So last weekend we visited Emerson College for accepted students day (where my daughter officially ended College Quest by accepting). And because the Boston Marathon was on Monday, we decided that instead of staying the weekend, we’d move on and check out the Patriots Day celebrations in Lexington and Concord.
As many of you probably already know, Lexington and Concord, MA were the locations of the first battles of the Revolutionary War. The British set off for Concord in search of the munitions—including cannons—they believed to be housed there. Unfortunately, patriots Samuel Adams and John Hancock of the banned provisional congress were in residence in Lexington at the time. So Paul Revere was dispatched along with William Dawes to make sure that the men were removed before the British arrived.
Thus began the famous ride of Paul Revere. And though he did manage to warn Hancock and Adams, he was captured before he could reach Concord. (Another dispatch did arrive in time). He was later released, and the story of Paul Revere’s ride recorded for infamy.
The British, with 700 troops, arrived in Concord and split up to capture the arms. Some traveling into town, while others headed for the farm where the cannons were supposedly being held, and a third group remaining at the old north bridge in between. The patriots, forewarned, managed to bury the cannons before the troops arrived, and when the militia confronted the British at the bridge, shots were fired (the first ones not actually attributed to one side or the other). The Revolution had begun.
Additional militia arrived, and the British sounded retreat, moving back toward Boston as the numbers of militia men swelled, the fight culminating along Battle Road which stretched from Concord to Lexington. Though strategically the battle was not an important one, historically it marked the beginning. As John Adams would remark shortly after… “the die is cast, the Rubicon crossed.”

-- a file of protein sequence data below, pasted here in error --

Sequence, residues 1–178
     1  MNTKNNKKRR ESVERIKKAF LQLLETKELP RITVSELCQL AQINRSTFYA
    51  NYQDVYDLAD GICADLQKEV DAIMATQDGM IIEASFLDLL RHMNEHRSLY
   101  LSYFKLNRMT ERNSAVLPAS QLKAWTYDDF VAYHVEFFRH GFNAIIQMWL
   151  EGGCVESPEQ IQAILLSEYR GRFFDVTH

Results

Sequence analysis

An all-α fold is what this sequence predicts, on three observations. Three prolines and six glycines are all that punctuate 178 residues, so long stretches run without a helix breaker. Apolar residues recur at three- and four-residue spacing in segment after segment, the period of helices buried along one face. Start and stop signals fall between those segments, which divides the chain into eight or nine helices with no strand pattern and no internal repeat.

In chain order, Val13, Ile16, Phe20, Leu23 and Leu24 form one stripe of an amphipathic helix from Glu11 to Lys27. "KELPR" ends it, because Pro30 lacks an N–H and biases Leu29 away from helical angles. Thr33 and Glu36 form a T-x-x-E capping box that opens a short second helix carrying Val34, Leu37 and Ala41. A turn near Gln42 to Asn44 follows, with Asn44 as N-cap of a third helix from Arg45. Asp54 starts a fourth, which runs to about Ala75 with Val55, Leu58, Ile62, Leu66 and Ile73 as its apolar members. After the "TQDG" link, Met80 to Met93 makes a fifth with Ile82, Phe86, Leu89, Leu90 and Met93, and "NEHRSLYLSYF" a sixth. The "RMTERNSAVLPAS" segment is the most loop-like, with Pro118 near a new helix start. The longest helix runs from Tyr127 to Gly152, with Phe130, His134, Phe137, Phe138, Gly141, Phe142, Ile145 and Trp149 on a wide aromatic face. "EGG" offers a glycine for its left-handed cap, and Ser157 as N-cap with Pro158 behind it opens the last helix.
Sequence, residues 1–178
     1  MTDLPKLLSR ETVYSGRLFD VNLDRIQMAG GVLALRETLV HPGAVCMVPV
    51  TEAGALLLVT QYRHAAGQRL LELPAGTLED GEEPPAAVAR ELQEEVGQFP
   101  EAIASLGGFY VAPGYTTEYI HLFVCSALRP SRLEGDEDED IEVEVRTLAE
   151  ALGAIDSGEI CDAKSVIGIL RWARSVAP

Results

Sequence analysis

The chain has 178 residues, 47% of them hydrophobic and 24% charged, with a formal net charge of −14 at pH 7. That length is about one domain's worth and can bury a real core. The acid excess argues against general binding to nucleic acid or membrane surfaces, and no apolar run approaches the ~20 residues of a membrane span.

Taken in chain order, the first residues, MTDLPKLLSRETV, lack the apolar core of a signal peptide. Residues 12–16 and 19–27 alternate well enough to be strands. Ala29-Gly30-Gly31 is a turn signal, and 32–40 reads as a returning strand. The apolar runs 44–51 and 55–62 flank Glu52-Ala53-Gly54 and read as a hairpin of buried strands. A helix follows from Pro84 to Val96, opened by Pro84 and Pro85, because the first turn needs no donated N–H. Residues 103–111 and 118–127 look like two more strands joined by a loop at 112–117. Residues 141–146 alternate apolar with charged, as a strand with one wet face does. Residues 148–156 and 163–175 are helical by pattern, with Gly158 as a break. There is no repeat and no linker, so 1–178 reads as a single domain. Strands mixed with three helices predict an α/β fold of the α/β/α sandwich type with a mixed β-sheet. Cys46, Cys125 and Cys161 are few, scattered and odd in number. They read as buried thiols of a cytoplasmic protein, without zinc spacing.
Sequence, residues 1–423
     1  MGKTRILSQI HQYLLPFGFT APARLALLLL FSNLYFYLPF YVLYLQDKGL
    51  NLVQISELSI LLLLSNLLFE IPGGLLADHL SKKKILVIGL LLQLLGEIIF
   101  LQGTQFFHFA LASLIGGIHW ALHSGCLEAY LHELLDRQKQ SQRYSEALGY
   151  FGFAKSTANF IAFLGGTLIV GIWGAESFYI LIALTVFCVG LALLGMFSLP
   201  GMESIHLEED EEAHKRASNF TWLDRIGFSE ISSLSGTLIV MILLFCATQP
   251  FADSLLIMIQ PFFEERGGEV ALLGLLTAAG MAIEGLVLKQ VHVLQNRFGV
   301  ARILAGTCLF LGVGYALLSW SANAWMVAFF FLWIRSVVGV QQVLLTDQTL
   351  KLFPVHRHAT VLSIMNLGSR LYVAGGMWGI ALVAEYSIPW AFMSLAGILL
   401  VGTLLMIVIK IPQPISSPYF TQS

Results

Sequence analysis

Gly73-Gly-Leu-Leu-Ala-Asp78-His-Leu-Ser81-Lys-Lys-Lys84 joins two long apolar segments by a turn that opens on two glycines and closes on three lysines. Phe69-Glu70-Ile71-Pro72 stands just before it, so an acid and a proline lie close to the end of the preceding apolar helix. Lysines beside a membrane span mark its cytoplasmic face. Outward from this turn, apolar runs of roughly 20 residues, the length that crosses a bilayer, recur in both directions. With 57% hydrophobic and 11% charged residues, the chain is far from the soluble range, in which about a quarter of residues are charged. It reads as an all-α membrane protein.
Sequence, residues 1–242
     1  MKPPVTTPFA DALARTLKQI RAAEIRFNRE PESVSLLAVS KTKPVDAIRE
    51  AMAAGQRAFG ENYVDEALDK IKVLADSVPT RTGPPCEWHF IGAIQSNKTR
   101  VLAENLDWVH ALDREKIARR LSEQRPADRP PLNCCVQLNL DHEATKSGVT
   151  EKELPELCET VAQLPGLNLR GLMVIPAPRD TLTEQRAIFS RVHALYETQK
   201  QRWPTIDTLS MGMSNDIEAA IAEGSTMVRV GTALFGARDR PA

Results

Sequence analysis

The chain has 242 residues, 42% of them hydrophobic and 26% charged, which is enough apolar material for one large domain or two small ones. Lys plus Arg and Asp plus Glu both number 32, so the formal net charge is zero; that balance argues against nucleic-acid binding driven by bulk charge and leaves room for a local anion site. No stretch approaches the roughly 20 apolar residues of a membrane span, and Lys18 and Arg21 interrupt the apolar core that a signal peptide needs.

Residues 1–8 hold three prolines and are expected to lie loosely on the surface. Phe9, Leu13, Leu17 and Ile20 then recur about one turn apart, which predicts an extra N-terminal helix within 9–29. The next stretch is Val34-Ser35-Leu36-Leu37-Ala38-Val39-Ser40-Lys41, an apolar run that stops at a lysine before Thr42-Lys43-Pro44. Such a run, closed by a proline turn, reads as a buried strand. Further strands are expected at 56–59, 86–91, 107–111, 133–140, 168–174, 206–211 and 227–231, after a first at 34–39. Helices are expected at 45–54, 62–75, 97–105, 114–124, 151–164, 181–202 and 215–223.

We were lucky enough to visit the house where Paul Revere found both John Hancock and Samuel Adams, as well as the Lexington Green where eight militiamen were killed. We also watched as reenactors brought the British retreat through the Bloody Angle to life. Having heard of reenactions all my life, it was amazing to actually see one. The sound of the muskets was so much louder than I expected. And the time between volleys ridiculously long. I’d have had trouble holding my ground, anticipating the destruction coming any second.
After a visit to Captain Smith’s house and the Hartwell Tavern, we headed to Concord and the green there. Tying literature into history, we visited The Old Manse where both Ralph Waldo Emerson and Nathaniel Hawthorne resided. And jumped forward in time to post-civil war days and Louisa May Alcott’s house. Then back again as we visited the Old North Bridge, and a verbal recreation of what happened there in 1775.
We take our democracy for granted. But, perhaps especially in these troubled days, it’s important to stop and remember the people who sacrificed to buy us our freedom. I for one, couldn’t have been prouder to have the chance to relive such an important moment in our history.
What about you? Have you visited Lexington and Concord? Other Revolutionary War sites?